Billy Dardis (Terenure College)(Captain)
Sean Cribbin (Suttonians)
Hugo Lennox (Skerries)
Jack Crowley (Cork Constitution/Munster)
Ben Moxham (Ballymena/Ulster)
Terry Kennedy (St Mary’s College)
Rory Scholes (Irish Sevens)
Jordan Conroy (Buccaneers)
Duran Krummeck (Irish Sevens)
Aaron Sexton (Malone/Ulster).

Ireland Women’s Sevens Squad For International Rugby 7s:

Claire Boles (Railway Union/Ulster)
Megan Burns (Tullamore/Leinster)
Amee Leigh Murphy-Crowe (Railway Union/Munster)
Méabh Deely (Blackrock/Connacht)
Katie Fitzhenry (Blackrock/Leinster)
Stacey Flood (Railway Union/Leinster)
Katie Heffernan (Mullingar/Railway Union/Leinster)
Eve Higgins (Railway Union/Leinster)
Brittany Hogan (DCU/Ulster)
Emily Lane (Blackrock/Munster)
Maeve Liston (Blackrock/Ulster)
Kate Farrell McCabe (Suttonians/Leinster)
Grace Moore (Railway Union/IQ Rugby)
Lucy Mulhall (Rathdrum/Leinster)(Captain)
Deirbhile Nic a Bhaird (Old Belvedere/Munster)
Aoibheann Reilly (Blackrock/Connacht).

International Rugby 7s Schedule:

Saturday 15th May:

Men:

  • Ireland v Great Britain, 10am
  • Ireland v USA, 1pm
  • Great Britain v USA, 4pm

Women:

  • Ireland v France, 10.22am
  • Great Britain v France, 1.22pm
  • Great Britain v Ireland, 4.22pm

Sunday 16th May:

Men:

  • Ireland v USA, 10am
  • Great Britain v USA, 1pm
  • Great Britain v Ireland, 4pm

Women:

  • Great Britain v France, 10.22am
  • Ireland v France, 1.22pm
  • Great Britain v Ireland, 4.22pm

Monday 17th May: 

Men:

  • Ireland v USA, 10am
  • Great Britain v Ireland, 1pm
  • Great Britain v USA, 4pm

Women:

  • Ireland v France, 10.22am
  • Great Britain v Ireland, 1.22pm
  • Great Britain v France, 4.22pm.

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The future of English rugby is here

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Marcus Smith was playing well enough this season for Harlequins that his long-awaited first Test cap for England already felt like a certainty this summer. That was before Smith, still just 22, produced remarkable match-winning tries for Harlequins in consecutive matches against London Irish and Wasps.

Eddie Jones was sitting in the stands on Sunday at The Stoop and if he didn’t come away bowled over by Smith’s 28-point haul for Harlequins – equalling a club record for points scored in a match, tied with Paul Burke and Nick Evans according to leading rugby statistician Stuart Farmer – then perhaps the England head coach will never be enamoured enough with Smith to select him ahead of George Ford or Owen Farrell.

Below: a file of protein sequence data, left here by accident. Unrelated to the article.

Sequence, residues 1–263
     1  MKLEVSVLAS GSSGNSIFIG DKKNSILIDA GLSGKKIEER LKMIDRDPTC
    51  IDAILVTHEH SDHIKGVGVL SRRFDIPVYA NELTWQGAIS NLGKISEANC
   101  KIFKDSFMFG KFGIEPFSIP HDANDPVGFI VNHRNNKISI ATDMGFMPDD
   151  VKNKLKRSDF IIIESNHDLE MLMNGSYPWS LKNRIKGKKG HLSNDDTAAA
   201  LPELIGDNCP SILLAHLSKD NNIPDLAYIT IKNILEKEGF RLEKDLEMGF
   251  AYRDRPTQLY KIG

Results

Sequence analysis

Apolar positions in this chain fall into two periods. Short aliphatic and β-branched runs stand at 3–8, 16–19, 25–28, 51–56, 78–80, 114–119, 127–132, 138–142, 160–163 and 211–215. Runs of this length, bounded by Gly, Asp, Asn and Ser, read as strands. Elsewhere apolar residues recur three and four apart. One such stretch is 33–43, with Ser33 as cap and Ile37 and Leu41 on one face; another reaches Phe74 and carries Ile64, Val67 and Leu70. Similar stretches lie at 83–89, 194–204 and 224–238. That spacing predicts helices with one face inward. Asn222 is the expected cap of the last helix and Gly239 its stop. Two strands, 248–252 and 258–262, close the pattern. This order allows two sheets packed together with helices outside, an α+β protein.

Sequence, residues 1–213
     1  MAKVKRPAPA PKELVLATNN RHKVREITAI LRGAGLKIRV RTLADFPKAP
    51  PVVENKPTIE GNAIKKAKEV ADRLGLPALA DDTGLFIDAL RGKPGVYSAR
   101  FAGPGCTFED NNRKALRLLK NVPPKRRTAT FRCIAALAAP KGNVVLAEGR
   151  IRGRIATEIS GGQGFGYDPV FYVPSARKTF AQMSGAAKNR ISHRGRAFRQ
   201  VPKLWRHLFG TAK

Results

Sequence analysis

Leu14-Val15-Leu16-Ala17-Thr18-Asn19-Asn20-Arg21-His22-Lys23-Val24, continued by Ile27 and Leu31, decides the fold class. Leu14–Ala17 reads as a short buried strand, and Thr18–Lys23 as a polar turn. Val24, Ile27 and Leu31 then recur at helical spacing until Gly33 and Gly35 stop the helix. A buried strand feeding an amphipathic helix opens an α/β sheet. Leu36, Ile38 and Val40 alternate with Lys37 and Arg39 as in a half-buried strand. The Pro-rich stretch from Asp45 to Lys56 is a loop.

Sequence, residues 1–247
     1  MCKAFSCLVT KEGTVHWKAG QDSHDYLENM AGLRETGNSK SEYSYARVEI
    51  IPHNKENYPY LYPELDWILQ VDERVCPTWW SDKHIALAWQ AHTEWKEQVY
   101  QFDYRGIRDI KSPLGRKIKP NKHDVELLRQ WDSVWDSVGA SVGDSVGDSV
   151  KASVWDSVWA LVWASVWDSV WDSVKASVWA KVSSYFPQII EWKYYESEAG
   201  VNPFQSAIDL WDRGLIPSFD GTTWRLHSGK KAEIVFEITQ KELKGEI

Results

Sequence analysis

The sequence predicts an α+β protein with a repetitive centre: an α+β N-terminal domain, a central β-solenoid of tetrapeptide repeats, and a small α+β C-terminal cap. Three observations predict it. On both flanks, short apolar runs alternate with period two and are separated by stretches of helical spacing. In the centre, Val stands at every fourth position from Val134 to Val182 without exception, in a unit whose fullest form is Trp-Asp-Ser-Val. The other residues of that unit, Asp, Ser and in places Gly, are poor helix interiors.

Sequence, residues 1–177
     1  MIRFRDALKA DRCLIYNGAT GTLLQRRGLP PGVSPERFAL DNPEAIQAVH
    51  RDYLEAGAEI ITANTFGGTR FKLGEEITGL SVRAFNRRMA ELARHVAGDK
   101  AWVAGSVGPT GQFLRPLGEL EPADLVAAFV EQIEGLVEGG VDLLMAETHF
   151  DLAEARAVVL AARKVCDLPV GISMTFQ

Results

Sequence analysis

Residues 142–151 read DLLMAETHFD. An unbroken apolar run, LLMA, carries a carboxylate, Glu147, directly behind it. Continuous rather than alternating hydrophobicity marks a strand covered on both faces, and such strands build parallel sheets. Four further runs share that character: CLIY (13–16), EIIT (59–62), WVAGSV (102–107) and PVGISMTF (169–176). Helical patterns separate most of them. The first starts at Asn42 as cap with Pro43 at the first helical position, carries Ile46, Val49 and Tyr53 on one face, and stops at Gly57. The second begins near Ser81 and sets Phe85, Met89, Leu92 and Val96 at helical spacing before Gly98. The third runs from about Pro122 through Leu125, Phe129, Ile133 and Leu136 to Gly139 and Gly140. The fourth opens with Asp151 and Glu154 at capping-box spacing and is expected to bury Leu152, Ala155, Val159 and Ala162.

Even when the overwhelming amount of evidence this season suggests that Smith’s time with England has arrived, delivering on the promise that Jones first spotted when Smith was still a schoolboy in Brighton.

Speaking of Evans – now Harlequins’ attack/backs coach and a mentor to Smith initially as a team-mate and now on the training field – the former All Black admits that watching Smith carve through London Irish’s defence to snatch a victory two weeks ago in Brentford, followed by Smith combining with James Lang and Joe Marchant to crack Wasps open in the final minute on Sunday, hasn’t been good for his heart rate.

“It’s a hard gig being a coach, I’ll tell you what,” Evans laughs, before explaining to Telegraph Sport that while Smith’s solo try against Irish was “a bit of magic”, the winning score against Wasps was another sign of Smith’s ongoing development.

“This time [against Wasps], it’s just being in the right place. People probably undersell that ability. We talk with him about the ability to get two touches within a phase. I was always taught that and I try to teach him as well – if you can influence the play and get a second touch, more often than not you’re going to make a line break or a positive action. For him to be there on the back of Lang and Marchant on the left there, he was in the exactly right position that he needed to be to get us the victory.”

There’s no doubt that Smith is already an accomplished goal-kicker, with a success percentage in the high 80s this season and having already scored 244 points in the Premiership, while defensively he is no weak link. But it’s in attack where Smith has made a mockery of defences and established himself as one of the Premiership’s leading players this season, with his jet-black hair garnering cult status.